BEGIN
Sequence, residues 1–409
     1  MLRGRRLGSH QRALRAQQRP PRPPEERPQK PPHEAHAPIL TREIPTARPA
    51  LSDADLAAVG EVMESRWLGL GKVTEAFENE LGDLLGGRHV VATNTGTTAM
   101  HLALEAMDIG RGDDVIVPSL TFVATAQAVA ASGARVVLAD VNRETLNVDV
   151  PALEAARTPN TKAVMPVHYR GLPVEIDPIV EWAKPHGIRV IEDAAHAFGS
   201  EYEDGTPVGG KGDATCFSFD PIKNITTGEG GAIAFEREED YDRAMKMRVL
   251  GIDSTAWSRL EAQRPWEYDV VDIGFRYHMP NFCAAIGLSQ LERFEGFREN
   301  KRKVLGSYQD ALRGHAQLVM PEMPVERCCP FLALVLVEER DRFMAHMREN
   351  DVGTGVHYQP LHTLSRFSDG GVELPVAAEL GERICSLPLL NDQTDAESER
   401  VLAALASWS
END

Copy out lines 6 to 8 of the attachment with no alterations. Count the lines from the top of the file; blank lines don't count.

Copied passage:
   201  EYEDGTPVGG KGDATCFSFD PIKNITTGEG GAIAFEREED YDRAMKMRVL
   251  GIDSTAWSRL EAQRPWEYDV VDIGFRYHMP NFCAAIGLSQ LERFEGFREN
   301  KRKVLGSYQD ALRGHAQLVM PEMPVERCCP FLALVLVEER DRFMAHMREN